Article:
The back of the watch clearly shows the model number and this case is similar in design to the 1969 Odyssey and the Fountainebleu I recently did.  It is a challenging case design to open and an even more challenging case to close.  The back fits inside the front bezel and a ring compresses the back, dial, crystal and a gasket together as an assembly like a sandwich.

I know someone has been inside this watch before me because the back ring isn't seated properly.  Notice the round section over the strap... that should be flat.

As I said above, the movement and dial are held inside the case back and the crystal and a specially formed gasket are sandwiched between the bezel and the case back.  Only half of the gasket remains.  The movement will come out once I separate the two-piece stem and pull the crown out.

Here's a shot of the caliber 66 movement inside.  This movement is used in a few of the 1970's Day-n-Date models and it's based on an A Schild 1876 ebauche.  It has a 21,600 beat per hour rate or 6 ticks per second.  If you have a good eye you'll notice there's a barrel bridge screw missing (the barrel is under the oscillating weight though).

With the weight moved, the ratchet wheel over the barrel is visible and notice the arbor screw is also broken.  Typically I can use a needle to pick the remaining portion of the screw out of the arbor so I can install a replacement.

Both of the dial foot screws are a tad rusty - probably due to moisture getting past the crystal.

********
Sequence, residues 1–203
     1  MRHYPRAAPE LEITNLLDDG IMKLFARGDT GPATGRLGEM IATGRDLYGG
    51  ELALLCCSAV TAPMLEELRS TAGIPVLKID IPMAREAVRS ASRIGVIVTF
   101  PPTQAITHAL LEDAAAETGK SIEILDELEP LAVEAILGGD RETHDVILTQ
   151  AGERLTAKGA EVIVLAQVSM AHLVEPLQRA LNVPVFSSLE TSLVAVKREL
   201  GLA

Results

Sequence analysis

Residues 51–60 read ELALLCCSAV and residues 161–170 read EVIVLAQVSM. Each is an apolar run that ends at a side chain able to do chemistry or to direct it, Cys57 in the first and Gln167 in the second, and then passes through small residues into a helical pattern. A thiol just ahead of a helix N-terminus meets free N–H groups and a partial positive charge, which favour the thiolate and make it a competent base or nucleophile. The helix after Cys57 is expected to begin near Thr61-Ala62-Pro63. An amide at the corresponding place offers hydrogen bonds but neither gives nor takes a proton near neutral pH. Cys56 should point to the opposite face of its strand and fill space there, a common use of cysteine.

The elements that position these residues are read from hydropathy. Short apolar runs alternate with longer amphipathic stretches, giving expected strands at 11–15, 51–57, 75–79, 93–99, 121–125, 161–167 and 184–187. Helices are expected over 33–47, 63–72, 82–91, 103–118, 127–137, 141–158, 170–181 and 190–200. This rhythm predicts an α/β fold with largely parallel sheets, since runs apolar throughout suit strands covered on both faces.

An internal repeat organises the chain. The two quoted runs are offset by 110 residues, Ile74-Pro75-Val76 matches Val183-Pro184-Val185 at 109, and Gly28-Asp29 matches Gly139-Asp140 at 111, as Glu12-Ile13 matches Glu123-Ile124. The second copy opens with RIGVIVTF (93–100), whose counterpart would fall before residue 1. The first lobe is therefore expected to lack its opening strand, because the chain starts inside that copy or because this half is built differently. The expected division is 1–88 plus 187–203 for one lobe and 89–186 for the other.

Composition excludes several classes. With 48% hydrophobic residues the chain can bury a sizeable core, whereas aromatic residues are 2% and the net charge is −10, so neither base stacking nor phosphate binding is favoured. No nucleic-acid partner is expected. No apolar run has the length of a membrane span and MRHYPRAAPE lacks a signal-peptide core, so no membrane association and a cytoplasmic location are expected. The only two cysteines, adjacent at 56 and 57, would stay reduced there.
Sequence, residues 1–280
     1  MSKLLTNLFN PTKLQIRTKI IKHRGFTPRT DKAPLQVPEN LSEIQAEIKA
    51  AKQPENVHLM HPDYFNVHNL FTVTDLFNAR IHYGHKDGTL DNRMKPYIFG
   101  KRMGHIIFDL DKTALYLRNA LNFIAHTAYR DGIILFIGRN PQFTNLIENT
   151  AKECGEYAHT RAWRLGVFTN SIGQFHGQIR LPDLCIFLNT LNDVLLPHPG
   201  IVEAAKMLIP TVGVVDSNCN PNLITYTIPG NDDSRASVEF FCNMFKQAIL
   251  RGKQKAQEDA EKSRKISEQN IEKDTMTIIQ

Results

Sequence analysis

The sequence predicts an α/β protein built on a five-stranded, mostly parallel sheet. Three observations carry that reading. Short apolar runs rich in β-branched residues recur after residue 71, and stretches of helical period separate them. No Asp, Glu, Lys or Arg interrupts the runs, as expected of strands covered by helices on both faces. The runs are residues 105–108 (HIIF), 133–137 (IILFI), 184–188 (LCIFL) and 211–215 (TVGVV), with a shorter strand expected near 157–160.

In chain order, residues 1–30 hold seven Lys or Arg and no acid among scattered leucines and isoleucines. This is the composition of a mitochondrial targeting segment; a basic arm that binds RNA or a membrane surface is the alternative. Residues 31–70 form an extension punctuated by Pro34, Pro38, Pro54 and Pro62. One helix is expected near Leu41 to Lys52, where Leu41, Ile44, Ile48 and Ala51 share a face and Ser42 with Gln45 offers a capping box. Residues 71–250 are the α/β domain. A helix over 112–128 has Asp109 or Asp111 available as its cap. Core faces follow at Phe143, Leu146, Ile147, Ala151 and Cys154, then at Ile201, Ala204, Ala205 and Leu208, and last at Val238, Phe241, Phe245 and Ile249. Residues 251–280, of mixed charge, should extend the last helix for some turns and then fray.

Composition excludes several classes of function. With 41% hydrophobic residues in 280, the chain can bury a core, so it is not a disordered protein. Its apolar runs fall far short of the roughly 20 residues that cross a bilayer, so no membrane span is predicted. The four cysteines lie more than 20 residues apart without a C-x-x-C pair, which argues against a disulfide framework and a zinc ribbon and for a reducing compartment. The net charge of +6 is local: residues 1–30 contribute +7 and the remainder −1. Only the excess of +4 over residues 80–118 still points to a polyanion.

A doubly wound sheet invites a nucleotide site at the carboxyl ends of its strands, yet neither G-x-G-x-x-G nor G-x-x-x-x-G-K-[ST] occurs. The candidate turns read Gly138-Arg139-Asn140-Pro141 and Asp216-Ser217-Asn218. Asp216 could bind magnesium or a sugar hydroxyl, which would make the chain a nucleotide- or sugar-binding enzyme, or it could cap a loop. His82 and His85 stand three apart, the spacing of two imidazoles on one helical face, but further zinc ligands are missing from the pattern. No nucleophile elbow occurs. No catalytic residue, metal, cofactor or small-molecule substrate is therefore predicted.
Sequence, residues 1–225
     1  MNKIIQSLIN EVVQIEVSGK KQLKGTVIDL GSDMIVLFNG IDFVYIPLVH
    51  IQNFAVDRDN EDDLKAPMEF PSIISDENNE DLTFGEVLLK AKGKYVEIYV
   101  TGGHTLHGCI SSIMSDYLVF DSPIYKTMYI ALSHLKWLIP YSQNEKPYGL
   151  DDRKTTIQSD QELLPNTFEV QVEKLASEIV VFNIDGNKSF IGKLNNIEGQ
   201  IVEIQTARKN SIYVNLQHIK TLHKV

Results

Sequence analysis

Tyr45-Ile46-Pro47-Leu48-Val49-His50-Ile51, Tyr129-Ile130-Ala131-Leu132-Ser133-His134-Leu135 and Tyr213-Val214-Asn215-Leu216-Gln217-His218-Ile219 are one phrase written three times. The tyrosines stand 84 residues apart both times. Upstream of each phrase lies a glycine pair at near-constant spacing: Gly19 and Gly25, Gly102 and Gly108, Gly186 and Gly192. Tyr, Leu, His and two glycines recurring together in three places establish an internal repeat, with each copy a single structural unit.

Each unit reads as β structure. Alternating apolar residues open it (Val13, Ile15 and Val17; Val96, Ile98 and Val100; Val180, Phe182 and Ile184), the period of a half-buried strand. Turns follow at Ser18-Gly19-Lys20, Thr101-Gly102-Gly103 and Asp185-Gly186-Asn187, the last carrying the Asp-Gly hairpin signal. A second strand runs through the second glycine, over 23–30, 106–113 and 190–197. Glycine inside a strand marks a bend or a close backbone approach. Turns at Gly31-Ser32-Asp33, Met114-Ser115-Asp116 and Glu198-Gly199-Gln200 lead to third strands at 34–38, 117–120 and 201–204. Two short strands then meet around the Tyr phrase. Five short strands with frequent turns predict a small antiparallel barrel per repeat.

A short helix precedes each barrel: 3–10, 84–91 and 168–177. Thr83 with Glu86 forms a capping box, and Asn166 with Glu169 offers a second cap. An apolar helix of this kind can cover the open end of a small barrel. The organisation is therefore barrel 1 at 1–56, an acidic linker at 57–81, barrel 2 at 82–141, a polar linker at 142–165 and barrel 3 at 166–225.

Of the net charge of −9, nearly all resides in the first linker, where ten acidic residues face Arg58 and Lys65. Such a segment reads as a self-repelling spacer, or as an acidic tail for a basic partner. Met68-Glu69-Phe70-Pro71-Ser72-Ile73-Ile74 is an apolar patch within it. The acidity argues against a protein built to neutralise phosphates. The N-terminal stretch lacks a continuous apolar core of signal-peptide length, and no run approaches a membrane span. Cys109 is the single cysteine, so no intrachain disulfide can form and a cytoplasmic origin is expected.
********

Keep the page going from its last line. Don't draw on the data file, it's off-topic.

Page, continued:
I removed the day wheel so I could get an idea of the parts that make up the day and date complications.  There is one pesky index spring under the bridge that will fly off if I'm not careful.  You can just see the tip of it by the number 6.  So I'll listen to the little voice in my head and move to my light tent so I will be able to find it when it inevitably disappears.

Now you can see index spring next to the 6.... no sudden movements or I'll spend the next 30 minutes on my hands and knees looking for the darned thing.

Slowly the front of the mainplate is cleared of parts.

Turning my attention to the back, it's always good to have a photo of the train wheels to refer to when reassembling the movement.

Uh oh... close inspection of the barrel shows that two teeth a buggered up.  You can see them below at about 4 o'clock.  I'll try to clear them a little but the watch may stop when the barrel turns to engage these teeth.  The barrel should be replaced but I don't have a replacement at the moment.

Everything is cleaned and dried before reassembly.